The Rio Grande is a long long river, and when you tell someone you live in the Rio Grande Valley they generally assume you live somewhere in an actual valley between a couple of large hillsides, such as you might expect at the New Mexico end of the Rio Grande. However the Rio Grande Valley (or RGV as its denizens refer to it) is actually a huge floodplain at the southernmost tip of Texas smack up against Mexico. It is an irridenta: an area which politically belongs to one country but culturally aligns with another. The Anglos here refer to it uncharitably as "Mexico with foodstamps".

As an honorary Anglo because of my pale skin - I'm a middle-class middle-income Jewish boy from Manhattan, but down here you're either 'Rich Anglo' or 'Poor Mexican' - I have to choose my words carefully; the area is somewhere between 80 and 95% Hispanic depending on whose figures you believe, and the one hanging offence left down here short of horse stealing is to admit that there is any friction between the races. In fact you're not even allowed to admit that there are any races - you're either Anglo, which we're supposed to pretend means culturally American rather than someone with a pale face; or you're Hispanic, which means culturally Spanish rather than someone of Mestizo blood who looks like a native South American. We have cultural diversity which is a Good Thing, not racial differences which are a Bad Thing. The race issue is not complicated by the presence of African-Americans; the Hispanics do not mentally associate themselves with people of black skin, and prejudice by Hispanics against blacks here is at least as strong as that from whites elsewhere, with the result that very few African-Americans settle here for long. The local cinemas have their programming chosen by white guys from Up North who see Hispanics only as dark-skinned people who must therefore identify completely with black Americans, and so they frequently send us Spike Lee movies and other Black Cinema productions. Unless it's a movie that interests a few Anglos (usually out-of-towners like myself) such as BarberShop, the theatres in the megaplexes showing those movies are empty on those days.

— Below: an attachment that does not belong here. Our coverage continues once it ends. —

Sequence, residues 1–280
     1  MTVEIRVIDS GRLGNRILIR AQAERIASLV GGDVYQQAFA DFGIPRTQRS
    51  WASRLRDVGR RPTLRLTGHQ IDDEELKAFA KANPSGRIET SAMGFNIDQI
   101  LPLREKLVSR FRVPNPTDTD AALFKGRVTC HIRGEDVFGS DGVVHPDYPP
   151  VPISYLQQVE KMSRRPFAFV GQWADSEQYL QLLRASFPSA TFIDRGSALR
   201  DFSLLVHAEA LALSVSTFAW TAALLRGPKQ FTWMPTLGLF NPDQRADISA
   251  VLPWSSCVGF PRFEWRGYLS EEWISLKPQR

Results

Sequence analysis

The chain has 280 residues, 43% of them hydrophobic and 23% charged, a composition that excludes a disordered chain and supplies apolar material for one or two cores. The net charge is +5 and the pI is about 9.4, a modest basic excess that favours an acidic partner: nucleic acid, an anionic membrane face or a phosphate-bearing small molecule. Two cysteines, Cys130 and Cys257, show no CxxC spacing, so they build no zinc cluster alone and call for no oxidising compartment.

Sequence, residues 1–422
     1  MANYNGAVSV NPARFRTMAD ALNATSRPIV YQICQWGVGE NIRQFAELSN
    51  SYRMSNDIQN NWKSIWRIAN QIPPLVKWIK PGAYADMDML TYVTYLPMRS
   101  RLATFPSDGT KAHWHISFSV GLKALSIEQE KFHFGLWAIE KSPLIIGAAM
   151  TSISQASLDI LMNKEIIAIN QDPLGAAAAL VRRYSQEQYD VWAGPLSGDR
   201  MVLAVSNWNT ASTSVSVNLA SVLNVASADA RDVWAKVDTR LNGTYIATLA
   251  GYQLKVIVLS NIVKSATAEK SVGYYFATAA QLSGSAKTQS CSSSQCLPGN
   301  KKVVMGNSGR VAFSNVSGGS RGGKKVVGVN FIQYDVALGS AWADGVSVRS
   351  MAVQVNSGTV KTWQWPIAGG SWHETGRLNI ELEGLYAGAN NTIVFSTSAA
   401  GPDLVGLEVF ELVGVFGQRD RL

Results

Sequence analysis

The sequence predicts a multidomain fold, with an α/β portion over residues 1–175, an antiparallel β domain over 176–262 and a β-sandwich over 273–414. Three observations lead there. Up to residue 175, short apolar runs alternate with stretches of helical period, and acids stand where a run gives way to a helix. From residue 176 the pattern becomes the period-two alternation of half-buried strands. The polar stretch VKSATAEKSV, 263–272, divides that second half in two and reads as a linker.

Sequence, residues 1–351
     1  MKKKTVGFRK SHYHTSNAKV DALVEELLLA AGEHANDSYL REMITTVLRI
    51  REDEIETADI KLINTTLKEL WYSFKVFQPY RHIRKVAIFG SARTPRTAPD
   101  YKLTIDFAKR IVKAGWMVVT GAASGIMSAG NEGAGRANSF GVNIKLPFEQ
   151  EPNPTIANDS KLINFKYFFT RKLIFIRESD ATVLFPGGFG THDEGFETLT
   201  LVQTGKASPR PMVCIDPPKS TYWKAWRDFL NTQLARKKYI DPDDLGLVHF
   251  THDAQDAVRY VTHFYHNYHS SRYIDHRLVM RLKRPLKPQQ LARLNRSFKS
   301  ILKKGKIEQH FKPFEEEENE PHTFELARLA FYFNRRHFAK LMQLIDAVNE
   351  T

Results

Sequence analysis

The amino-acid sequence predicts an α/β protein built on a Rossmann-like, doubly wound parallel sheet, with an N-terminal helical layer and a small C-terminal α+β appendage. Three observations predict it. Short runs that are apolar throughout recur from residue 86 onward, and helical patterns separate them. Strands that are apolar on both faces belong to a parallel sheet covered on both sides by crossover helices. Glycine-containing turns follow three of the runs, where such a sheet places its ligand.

An Anglo can call his compadres Gringos in a jocular way, but a Hispanic wouldn't dare use that word in Anglo earshot; and the Hispanics regularly refer to themselves as Mexicans, but if an Anglo uses that word he should expect a tirade about how a Mexican is someone from the other side of the border. Although the Hispanics call themselves Mexicans in common speech, and more likely have a Mexican flag bumper sticker than an American one, they look on their true Mexican neighbors with a disdain than never ceases to surprise Anglos.

The Hispanics and the Anglos get on well. That's official. What no-one mentions is that when the Anglos get together, all they talk about is how ignorant the Mexicans are, and how you have to be careful never to say anything about them that they may hear in case they sue you. Pseudo Anglos like myself with a Hispanic wife are treated as race-traitors when the local Anglos finally discover who your wife is and panic over whether they may have said something indiscreet in your presence. And when the Hispanics get together, they talk about the crazy shit that the Anglos do every day, like complaining about the spelling on the menus at the restaurant where they work.

So I have to watch what I'm saying. Lawsuits are a big deal here, and there is no lawsuit too frivolous to strike fear into the Anglo heart. If a national company is told that the jurisdiction of a case will be in the RGV, they usually try to settle. Too many Anglos have crashed and burned in the Valley. This is an unbelievably poor part of the country, and if you've never saved more than three figures in your life, you don't really grasp the significance of large sums of money - lawsuit awards of millions of dollars are the order of the day for infractions that might on a good day merit merely tens of thousands elsewhere.

This is a land of stereotypes that no-one admits to the existence of. There have been a few movies made either in or on the subject of the Valley, and perhaps the most telling is Thaddeus Rose and Eddie (where a Yankee is tricked into buying a worthless citrus grove), if only for the scene with the stereotypically Anglo depiction of the locals as "Lots of happy Mescins, eating grapefruit".

But don't get me wrong, this is a great place to live and I call it home. I'm just glad I wasn't raised here, because then it wouldn't be half as funny to watch.

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